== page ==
Three weeks after winning the Division II women’s basketball National Championship, Brandon Schneider is out as Emporia State’s head basketball coach. Schneider accepted a job offer of the same position at Stephen F. Austin State University, a Division I school in Nacogdoches, Tex., on April 15.
“I came down (to Nacodoches) last week on a Tuesday,” Schneider said. “I was on campus all day Wednesday, and then I got a phone call Thursday early evening and was offered the position. I took a couple hours to visit with my wife and ended up accepting the position later on that evening.”
Schneider left Emporia State with over 40 percent of the Lady Hornets’ total victories. He compiled a 306-72 record throughout his 12 seasons as the team’s head coach.
Schneider met with the team last Friday to let them know of his decision to leave Emporia State.
“We had a meeting on Friday afternoon, and he just let us know,” said freshman guard Rachel Hanf. “He didn’t say a whole lot, which I didn’t blame him. It was an emotional time for all of us. He kind of just laid it out that and said it was the best decision for him and his family.”
Assistant coach Jory Collins was present for the meeting.
“It went as good as to be expected – obviously they were disappointed,” Collins said. “(Schneider) just made them aware that it was a decision for his family and had nothing to do with them or here or anything like that; it was just the best decision for him.”
According to Schneider, the team meeting was a hard pill to swallow.
“That was really tough,” Schneider said. “That was one of the toughest things I’ve ever done – it was a really tough decision (because) I care a lot about not only those players but anyone that’s ever played for us. It was just a tough situation.”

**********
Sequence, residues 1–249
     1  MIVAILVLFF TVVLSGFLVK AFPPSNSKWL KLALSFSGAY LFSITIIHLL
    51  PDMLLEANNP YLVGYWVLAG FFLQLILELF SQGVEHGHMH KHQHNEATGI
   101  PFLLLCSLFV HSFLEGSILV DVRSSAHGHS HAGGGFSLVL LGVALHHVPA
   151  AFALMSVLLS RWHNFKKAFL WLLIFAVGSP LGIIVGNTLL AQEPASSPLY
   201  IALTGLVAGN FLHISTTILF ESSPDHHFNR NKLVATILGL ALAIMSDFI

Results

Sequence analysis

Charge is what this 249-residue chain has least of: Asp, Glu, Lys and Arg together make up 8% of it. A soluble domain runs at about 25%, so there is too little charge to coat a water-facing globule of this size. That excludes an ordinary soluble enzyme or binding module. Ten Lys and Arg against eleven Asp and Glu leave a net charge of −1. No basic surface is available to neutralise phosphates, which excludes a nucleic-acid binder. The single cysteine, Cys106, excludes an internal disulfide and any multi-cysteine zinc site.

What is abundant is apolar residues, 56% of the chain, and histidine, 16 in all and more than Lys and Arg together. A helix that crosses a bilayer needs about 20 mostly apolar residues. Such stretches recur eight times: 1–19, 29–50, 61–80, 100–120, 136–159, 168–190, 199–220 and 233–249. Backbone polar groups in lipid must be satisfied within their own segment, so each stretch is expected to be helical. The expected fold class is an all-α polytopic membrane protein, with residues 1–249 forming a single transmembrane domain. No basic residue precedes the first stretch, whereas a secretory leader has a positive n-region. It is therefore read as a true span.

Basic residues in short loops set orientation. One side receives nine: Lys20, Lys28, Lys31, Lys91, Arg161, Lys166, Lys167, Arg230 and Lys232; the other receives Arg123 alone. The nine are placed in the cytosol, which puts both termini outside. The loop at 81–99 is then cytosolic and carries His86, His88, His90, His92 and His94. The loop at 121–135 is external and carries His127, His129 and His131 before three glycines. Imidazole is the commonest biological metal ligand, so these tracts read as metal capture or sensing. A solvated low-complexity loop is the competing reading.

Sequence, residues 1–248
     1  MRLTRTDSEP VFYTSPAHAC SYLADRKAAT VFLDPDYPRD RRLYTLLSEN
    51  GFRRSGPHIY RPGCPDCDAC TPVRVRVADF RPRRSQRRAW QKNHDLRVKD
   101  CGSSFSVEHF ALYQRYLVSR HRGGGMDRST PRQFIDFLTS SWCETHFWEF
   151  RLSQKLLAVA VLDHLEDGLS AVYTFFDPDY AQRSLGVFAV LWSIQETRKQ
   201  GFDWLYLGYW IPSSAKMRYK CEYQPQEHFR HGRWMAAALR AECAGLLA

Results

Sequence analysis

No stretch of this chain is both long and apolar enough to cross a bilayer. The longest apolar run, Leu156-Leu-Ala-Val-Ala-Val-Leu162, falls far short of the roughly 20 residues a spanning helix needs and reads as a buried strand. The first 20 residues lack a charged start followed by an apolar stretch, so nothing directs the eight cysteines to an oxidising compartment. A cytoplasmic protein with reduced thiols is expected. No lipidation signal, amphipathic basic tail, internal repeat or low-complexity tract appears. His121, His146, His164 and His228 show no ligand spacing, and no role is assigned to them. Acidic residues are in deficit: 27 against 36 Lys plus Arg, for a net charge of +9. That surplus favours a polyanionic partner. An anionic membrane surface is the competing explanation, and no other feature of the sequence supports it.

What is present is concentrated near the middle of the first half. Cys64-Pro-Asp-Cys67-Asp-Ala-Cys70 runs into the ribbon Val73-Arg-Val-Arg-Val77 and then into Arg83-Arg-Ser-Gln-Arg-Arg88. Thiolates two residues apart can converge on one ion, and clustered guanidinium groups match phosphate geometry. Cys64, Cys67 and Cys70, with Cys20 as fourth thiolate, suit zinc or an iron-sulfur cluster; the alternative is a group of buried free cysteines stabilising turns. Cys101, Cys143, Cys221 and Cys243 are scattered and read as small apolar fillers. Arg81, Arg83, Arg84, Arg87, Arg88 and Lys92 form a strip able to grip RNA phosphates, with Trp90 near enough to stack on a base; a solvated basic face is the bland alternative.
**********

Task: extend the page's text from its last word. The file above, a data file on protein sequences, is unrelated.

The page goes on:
Emporia State, under Schneider’s direction, went to the NCAA Tournament 11 out of the 12 seasons he was head coach. Collins felt the program built by Schneider serves as an example to other institutions.
“He’s the model for how to run a program in the right way as far as doing all the things the fans want to see, which is winning basketball games, but also what administration wants to see as far as graduating players and being available to the community,” Collins said.
One of the most important factors that led to Schneider’s departure was that the basketball program was in good shape before he left it.
“I would not have left it wasn’t that case,” Schneider said. “We just felt like this was the perfect time with everybody that was returning to Emporia State as well as the recruiting class that was put together. We felt like, if we were going to make a move, that this was the perfect time to do it with the program being in as good a shape as it ever has been.”
Of course, if Stephen F. Austin wasn’t the right place for him, Schneider wouldn’t have accepted the job.
“Obviously SFA was a very attractive position,” Schneider said. “They have a lot of history and a lot of tradition and it’s a community very similar to that of Emporia that really wants a women’s basketball program.”
While the disappointment over the loss of an Emporia State coaching legend is apparent, the players themselves still wish Schneider the best in his future endeavors.
“I’m disappointed,” Hanf said. “I was really looking forward to having him as my coach, but he made the right decision. It was a great opportunity for him, and I wish him the best.”